It's early in the season, yet the inclination is to immediately draw conclusions about where some teams are and where they are going based on the standings.
That can be misleading.
However, in the case of the Winnipeg Jets and Ottawa Senators, I think it is safe to invoke the Dennis Green Clause and proclaim: They are what we thought they were.
We can also invoke the new Bruce Boudreau Clause -- "You can infer whatever you want to infer" -- which was how the Washington Capitals coach answered a question about whether forward Jay Beagle had sustained a concussion in a fight Oct. 13 with Pittsburgh's Arron Asham. Beagle, by the way, hasn't practised since and is now "week-to-week."
Digging a little deeper behind the facade of the numbers, the Caps are off to their first 6-0 start in history. That looks good but is not impressing some people in The District, who point out they have seen the opposition's backup goaltenders in four of those six games (Brian Boucher, Carolina; Brent Johnson, Pittsburgh; Alex Auld, Ottawa; and Jacob Markstrom, Florida). The two No. 1s they have faced are Tampa Bay's Dwayne Roloson and Philadelphia's Ilya Bryzgalov.
The play of Washington captain Alex Ovechkin has been tepid, although a two-goal performance Thursday night against the Flyers might be an indication he's getting some energy back in his game. The concern of the coaching staff is that Ovechkin has become too predictable, galloping down the left wing and cutting into the middle to shoot, using the defenceman as a screen. Predictable but, let's face it, it has worked for him in the past.
"We do a lot of communicating and talking and video with Alex," Boudreau said. "There's a fine line between showing him too much and overwhelming him, and letting him use the skills that have got him to where he is."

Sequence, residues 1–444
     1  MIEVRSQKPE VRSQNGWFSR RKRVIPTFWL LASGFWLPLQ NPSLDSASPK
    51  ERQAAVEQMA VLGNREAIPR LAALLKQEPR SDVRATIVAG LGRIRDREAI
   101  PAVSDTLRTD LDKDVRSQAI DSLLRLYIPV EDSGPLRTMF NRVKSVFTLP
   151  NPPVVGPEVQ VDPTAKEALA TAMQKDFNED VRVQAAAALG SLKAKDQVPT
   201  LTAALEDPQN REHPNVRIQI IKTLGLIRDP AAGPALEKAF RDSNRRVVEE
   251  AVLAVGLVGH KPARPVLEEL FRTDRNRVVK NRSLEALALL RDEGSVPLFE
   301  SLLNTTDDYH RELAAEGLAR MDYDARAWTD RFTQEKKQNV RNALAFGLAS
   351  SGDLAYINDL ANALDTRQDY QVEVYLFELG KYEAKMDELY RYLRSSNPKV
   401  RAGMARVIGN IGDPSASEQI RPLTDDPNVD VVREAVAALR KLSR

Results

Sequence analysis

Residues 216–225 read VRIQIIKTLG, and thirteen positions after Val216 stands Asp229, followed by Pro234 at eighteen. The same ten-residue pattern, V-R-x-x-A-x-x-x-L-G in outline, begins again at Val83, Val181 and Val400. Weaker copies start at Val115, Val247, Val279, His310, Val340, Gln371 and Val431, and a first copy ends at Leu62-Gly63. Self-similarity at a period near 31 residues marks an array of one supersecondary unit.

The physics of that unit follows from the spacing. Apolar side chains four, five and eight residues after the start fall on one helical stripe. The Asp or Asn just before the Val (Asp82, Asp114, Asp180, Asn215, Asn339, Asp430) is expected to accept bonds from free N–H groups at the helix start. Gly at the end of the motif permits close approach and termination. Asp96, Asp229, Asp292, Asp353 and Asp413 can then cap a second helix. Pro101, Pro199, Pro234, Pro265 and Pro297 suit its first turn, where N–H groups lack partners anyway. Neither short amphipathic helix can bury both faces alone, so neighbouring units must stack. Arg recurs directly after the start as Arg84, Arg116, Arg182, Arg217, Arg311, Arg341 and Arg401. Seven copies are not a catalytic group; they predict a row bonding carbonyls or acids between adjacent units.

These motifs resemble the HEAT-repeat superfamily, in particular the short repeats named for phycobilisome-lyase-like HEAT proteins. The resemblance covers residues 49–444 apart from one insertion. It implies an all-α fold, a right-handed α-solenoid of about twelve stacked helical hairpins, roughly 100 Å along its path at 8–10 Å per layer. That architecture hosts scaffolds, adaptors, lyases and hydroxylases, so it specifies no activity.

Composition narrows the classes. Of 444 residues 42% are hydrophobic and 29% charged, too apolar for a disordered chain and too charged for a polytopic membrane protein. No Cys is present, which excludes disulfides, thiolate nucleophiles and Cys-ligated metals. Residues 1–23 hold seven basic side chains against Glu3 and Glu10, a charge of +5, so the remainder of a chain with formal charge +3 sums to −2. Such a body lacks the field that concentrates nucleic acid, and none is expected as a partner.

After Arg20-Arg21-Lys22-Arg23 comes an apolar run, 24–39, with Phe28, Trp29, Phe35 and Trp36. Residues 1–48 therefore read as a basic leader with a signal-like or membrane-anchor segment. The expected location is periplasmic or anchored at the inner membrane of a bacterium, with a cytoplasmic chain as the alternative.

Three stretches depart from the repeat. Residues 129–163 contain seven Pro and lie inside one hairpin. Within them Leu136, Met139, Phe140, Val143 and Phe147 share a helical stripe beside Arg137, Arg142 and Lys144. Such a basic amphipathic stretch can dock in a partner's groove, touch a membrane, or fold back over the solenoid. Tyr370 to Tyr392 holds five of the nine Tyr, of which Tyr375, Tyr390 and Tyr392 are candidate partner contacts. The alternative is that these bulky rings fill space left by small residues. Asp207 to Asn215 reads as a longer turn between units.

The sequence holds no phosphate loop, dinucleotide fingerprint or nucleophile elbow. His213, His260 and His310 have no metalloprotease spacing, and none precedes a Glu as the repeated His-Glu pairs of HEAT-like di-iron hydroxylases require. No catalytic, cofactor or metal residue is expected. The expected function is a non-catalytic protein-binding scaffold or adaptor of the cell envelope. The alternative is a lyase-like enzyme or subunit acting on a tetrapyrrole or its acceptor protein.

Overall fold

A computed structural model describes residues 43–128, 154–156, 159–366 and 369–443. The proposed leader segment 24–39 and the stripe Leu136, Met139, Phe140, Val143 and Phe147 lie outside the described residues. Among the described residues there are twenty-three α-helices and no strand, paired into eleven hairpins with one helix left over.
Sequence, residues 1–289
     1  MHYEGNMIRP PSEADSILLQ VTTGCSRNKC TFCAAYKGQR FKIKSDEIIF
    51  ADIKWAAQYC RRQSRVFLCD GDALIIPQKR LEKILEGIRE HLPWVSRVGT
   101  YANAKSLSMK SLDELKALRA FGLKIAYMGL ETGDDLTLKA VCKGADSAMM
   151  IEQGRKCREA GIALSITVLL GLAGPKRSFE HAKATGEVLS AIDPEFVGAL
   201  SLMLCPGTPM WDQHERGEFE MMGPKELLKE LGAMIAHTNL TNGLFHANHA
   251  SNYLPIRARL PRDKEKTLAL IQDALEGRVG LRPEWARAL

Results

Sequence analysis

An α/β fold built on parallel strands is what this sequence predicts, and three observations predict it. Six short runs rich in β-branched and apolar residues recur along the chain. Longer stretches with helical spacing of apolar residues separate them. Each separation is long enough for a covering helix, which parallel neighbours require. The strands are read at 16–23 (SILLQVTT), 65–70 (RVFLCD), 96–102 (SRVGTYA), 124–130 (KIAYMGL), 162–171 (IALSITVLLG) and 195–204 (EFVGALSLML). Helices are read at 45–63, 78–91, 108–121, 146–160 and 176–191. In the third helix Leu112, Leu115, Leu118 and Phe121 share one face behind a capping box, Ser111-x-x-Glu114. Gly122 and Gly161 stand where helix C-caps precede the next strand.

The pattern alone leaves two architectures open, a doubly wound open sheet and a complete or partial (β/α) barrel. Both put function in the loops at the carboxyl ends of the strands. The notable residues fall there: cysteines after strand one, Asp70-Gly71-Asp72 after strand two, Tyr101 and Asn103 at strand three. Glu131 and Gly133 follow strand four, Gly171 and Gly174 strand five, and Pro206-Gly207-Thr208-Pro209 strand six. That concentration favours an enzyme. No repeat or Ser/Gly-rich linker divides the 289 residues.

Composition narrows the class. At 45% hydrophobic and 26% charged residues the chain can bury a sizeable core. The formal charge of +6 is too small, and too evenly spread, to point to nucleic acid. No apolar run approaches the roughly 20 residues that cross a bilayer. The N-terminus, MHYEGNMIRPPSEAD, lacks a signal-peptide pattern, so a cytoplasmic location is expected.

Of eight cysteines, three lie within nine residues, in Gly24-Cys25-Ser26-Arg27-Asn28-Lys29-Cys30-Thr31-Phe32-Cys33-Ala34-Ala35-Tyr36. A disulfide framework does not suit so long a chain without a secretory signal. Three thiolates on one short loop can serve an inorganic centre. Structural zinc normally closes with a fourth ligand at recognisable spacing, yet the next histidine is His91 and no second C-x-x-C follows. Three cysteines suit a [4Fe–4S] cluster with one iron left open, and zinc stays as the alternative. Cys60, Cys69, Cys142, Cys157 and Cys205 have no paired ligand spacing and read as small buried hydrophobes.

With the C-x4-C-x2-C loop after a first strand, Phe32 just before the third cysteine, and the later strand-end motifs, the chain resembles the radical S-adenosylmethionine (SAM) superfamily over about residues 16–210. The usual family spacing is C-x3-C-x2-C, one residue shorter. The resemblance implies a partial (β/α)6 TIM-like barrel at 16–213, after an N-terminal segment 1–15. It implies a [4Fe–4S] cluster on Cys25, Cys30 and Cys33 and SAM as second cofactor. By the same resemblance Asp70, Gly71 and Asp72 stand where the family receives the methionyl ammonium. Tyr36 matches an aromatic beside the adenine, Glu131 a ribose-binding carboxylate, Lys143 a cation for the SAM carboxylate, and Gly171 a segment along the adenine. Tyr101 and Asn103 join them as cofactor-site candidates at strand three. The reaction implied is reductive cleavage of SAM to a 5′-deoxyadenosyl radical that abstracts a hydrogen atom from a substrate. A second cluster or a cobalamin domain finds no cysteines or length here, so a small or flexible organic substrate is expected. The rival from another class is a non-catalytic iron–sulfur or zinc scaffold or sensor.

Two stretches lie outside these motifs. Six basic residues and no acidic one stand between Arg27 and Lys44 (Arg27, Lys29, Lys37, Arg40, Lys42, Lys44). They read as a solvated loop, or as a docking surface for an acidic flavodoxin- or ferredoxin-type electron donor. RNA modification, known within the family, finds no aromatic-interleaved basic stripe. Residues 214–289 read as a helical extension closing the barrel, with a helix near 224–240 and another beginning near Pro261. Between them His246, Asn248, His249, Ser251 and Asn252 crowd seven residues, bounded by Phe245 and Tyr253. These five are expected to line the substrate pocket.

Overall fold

So far, Ovechkin has scored on a deflection in front, a one-timer from the high slot on the power play, and off a goalmouth scramble.
That said, the Caps' Tomas Vokoun has rebounded from a tough debut (five goals on 28 shots) to play solidly and it looks like goaltending shouldn't be a concern. The fourth line of Jeff Halpern, Matt Hendricks and Mathieu Perreault was strong against the Flyers, so, well, infer what you want to infer about how good the Caps are and will be this season.
HEAR AND THERE: With the injury to defenceman Drew Doughty, the Los Angeles Kings called up Slava Voynov. The 21-year-old is not just a bright prospect for the Kings but for the Russian national team, which is looking thin on the back end for the Sochi Olympics. Former Senators defenceman Igor Kravchuk is scouting for the Russian federation but, frankly, there isn't a lot for him to look at as far as defencemen go. Right now the Russian blue line would have Voynov, Fedor Tyutin (Columbus), Anton Volchenkov (N.J.), Dmitry Kulikov (Florida), Nikita Nikitkin (St. Louis) and Alexei Emelin (Montreal). There are only seven Russian defencemen playing in the NHL this season when you add Ottawa's Sergei Gonchar, who will be 40 in 2014 ... John Madden, a three-time Stanley Cup winner, hasn't land a job with an NHL team but still wants to play.